Earthquake Losses, Deaths ‘Soar’ While Seismic Activity Remains Static: Report
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Earthquake Losses, Deaths ‘Soar’ While Seismic Activity Remains Static: Report

Insured losses and fatalities following earthquakes will continue to increase despite relatively level seismic activity, according to a report issued by Swiss Re.

The study, released Tuesday, argues that a worldwide urban population explosion is leading to increased losses for insurers.

“[Many] of the rapidly growing urban areas with high population densities are located in seismically active areas (e.g. Istanbul, Mexico City, Jakarta, Manila, Tokyo). As a result, the probability of earthquakes with a high death toll continuously increases, although seismic activity itself remains the unchanged,” according to Swiss Re’s latest Sigma study released Tuesday.

The Sigma study says that earthquakes between a 7 and 7.9 magnitude have occurred an average 15 times per year since 1900, with many years falling within the “normal” range in terms of occurrence. Larger magnitude events, those 8 or higher, have occurred about once per year during the same time frame.

However, in terms of insured losses, two of the three costliest earthquakes happened last year: in Chile ($8 billion in losses) and New Zealand ($4.4 billion in losses). The costliest quake event, the 1994 Northridge earthquake, cost insurers $21 billion in terms of 2010 dollars.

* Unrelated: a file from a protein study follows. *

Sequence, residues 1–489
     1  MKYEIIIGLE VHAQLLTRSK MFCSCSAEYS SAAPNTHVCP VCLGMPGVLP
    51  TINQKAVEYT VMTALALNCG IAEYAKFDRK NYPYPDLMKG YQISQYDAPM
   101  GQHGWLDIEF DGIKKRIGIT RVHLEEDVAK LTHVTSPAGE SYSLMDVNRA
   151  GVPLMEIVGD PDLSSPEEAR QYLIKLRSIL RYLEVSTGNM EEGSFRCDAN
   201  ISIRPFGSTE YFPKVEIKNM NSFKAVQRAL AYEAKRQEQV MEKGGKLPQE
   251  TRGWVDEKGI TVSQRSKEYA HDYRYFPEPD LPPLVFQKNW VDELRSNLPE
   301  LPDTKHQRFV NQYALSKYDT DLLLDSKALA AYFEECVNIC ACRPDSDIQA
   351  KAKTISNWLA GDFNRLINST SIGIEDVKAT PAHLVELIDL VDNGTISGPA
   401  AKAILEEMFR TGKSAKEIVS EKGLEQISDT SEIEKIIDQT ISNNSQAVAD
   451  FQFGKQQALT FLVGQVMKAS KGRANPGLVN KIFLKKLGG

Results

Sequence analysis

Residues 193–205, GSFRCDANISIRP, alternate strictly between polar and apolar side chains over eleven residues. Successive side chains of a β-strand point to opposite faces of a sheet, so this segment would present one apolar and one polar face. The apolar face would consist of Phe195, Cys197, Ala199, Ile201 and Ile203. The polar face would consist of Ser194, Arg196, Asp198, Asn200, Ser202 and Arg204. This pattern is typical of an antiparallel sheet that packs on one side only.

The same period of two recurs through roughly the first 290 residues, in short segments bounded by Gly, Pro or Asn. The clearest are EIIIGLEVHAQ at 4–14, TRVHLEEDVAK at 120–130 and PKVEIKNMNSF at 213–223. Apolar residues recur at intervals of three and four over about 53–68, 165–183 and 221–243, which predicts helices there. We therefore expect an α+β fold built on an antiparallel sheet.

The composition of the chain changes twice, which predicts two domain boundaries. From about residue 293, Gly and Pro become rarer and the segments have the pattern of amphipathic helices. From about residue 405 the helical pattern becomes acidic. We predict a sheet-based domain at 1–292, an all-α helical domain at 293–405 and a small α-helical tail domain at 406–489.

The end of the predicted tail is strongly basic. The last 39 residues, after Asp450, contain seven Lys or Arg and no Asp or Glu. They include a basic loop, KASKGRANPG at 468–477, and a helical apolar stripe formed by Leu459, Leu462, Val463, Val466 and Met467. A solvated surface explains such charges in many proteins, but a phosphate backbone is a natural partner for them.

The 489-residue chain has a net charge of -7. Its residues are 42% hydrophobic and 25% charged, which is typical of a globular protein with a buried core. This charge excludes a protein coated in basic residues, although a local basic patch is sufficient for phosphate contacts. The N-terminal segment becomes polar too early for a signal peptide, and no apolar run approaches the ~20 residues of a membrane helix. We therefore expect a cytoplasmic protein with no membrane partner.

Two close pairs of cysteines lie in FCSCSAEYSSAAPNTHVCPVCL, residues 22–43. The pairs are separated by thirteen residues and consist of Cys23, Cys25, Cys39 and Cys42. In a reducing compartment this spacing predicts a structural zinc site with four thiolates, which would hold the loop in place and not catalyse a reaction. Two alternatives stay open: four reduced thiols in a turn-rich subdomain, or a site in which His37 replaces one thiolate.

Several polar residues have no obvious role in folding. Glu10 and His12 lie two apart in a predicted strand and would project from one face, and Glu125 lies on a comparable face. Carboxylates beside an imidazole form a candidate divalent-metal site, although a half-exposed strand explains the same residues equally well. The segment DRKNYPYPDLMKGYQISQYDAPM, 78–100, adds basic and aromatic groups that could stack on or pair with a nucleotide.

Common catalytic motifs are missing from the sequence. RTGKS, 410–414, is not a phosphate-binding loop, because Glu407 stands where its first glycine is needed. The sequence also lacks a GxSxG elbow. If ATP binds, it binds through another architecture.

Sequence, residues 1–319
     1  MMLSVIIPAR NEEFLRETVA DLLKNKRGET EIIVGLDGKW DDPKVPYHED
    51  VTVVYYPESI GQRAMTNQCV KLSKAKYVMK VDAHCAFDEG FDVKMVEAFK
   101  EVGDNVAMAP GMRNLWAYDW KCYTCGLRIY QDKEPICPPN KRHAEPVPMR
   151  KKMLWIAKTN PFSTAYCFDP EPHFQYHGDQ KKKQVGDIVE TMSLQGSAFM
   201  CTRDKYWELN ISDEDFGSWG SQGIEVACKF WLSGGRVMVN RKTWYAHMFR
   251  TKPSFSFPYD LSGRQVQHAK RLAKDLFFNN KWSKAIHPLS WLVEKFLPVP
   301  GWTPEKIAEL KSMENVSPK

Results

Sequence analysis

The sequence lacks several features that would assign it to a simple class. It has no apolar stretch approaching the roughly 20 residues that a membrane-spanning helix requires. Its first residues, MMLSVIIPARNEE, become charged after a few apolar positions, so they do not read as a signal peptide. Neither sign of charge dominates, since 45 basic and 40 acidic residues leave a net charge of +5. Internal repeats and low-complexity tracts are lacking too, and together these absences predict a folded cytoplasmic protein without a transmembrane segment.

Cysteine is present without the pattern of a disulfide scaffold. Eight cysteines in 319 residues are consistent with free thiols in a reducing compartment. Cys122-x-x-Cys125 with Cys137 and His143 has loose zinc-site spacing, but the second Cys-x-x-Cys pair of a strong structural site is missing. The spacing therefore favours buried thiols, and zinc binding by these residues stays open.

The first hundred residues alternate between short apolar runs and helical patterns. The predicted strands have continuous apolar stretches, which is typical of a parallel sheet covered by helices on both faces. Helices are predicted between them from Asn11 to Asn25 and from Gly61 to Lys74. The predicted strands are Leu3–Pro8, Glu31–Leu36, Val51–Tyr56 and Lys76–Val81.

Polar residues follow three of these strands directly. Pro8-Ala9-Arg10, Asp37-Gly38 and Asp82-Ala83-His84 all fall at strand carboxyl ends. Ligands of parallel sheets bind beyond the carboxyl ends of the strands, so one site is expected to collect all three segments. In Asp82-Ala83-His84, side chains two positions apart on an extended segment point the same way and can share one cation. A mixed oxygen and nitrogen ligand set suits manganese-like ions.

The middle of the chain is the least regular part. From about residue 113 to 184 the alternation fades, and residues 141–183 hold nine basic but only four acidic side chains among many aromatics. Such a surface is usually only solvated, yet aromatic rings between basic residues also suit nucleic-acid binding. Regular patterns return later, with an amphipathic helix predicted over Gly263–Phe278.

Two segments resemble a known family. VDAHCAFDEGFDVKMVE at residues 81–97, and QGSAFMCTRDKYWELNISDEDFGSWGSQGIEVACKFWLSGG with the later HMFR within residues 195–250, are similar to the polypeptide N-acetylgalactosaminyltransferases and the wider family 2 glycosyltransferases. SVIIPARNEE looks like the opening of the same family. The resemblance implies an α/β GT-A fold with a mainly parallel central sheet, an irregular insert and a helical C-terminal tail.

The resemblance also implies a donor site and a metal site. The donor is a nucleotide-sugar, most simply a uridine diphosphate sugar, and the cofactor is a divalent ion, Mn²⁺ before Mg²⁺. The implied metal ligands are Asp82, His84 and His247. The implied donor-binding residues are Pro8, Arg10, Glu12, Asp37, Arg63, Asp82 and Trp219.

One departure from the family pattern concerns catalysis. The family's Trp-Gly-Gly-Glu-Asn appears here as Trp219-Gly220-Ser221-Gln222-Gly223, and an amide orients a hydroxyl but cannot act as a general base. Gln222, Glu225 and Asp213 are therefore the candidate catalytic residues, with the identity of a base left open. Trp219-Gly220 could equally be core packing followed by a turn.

“A significant trend has been noted on the exposure side: population growth and higher population density, especially in urban areas, exposes more people to a single damaging earthquake.”

In terms of models, the Sigma report argues that secondary loss agents are not “sufficiently considered in earthquake risk models.” The risks – which are not tied directly to ground shaking such as ground “liquidfication” – often increase insured losses but are not reflected in catastrophe models.

The report also argues that business interruption has become an increasingly large portion of post-earthquake claims but insurers have little experience modeling or anticipating their losses.

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